brotherhood of affection, a communion of rites and union of power among Irishmen of every religious persuasion, and thereby to obtain a complete reform of the legislature founded on principles of political and religious liberty. [Emphasis added.]

Somehow, between the euphoria of 18th-century liberal thinking and the constitutional crisis of 1914, the wish for Irish separation from Great Britain had mutated from a liberal quest for self-determination into a tool of socialist authoritarians bent on using an Irish state to impose an economic, social, and cultural regime on all of its inhabitants. At the least, that was the very real fear of several hundred thousand Ulster Protestants who were not at all interested in having everything Irish forced down their throats.

Then, as now, the Irish separatist movement pointed to Americas own fight for independence from Great Britain to gain sympathy for their cause around the world and particularly in the United States. They hoped to claim an affinity with the revolutionaries of 1776 to bolster support for an Irish revolution in the early 1900s. To their detriment, they failed to see that a yearning to be free of English rule is where any similarities between the two movements ended.

The American experiment

During 17751787, Americans were experimenting with the idea of government as a tool for protecting individual rights, not a means for controlling the economy or promoting a particular language, culture, religion, or form of education. As a matter of fact, Americans created a central government that was largely restricted from interfering in any of those areas precisely to avoid the kind of conflict that has raged in Ireland. The extent to which the U.S. government has been held within those constitutional bounds explains how Americas many cultures have generally co-existed quite peacefully, by comparison, for most of its history.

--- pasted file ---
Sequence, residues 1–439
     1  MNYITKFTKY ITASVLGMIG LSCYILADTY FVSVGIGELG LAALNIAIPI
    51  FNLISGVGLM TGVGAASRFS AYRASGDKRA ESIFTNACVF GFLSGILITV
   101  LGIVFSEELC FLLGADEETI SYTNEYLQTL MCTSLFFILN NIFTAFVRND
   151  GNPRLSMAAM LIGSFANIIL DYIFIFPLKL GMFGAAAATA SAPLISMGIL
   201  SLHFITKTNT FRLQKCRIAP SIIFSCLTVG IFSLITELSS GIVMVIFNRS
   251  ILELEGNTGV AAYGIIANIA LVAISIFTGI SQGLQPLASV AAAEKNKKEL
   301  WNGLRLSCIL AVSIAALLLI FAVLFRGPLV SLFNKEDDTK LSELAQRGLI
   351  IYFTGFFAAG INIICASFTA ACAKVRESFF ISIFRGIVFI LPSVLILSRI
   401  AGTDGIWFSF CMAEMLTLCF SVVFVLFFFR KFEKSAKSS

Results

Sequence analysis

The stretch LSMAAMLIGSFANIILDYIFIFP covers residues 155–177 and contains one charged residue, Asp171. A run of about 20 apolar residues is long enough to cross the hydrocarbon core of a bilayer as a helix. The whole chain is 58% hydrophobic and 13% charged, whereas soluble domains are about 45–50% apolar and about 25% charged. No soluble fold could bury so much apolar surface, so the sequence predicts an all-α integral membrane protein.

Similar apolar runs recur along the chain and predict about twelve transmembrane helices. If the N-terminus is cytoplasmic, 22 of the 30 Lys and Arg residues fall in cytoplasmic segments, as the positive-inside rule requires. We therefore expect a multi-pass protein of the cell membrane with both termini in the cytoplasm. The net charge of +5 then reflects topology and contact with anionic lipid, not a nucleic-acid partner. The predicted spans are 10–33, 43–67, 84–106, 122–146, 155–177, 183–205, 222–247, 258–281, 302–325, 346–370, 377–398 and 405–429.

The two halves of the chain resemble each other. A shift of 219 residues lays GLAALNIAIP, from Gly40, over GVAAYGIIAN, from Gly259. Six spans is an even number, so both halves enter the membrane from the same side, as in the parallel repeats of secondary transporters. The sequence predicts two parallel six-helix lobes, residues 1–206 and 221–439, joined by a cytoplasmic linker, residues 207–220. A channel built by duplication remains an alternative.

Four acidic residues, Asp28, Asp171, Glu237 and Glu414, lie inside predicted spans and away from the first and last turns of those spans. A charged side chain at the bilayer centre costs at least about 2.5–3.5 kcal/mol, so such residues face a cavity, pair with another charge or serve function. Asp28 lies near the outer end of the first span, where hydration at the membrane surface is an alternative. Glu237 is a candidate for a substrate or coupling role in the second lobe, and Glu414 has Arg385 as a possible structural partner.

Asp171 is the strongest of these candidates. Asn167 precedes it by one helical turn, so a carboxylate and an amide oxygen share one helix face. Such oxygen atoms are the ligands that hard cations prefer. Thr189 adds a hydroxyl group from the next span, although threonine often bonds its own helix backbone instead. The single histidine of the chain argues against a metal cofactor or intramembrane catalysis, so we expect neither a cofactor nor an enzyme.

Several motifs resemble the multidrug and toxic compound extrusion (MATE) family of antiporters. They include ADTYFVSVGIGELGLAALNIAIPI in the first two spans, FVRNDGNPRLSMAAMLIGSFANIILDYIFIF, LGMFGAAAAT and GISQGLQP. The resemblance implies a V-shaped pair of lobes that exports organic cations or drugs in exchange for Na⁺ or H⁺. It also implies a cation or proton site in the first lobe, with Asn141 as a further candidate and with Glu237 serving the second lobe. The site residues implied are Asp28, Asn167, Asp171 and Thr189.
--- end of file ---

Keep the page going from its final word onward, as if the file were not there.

The trouble is, Irish separatism at that time fell victim to the trends of the age. Government interventionism, of one form or another, was the dominant creed in the early 20th century, and Irelands intellectuals, like so many others around the world, succumbed to the belief in salvation through government control. Unfortunately, it is precisely the craving for government control that made their hopes for self-determination so unappealing to a significant minority of their population, the very people whose cooperation they required to make a peaceful departure from British control.

It was around this same time that an early libertarian commentator would accurately capture the spirit of the times and prescribe the appropriate antidote. In 1927, Ludwig von Misess Liberalism: The Classical Tradition addressed the very problems that were only exacerbated by Irish nationalists interventionist tendencies. One can assume that the desire for peace is today universal, he wrote. But the peoples of the world are not at all clear as to what conditions would have to be fulfilled in order to secure peace. Nowhere was this truer than in early 20th-century Ireland.

According to Mises,

The first requirement [for peace] is private property. When private property must be respected [and] private ownership of the means of production prevails everywhere, an important motive for [conflict] has already been excluded.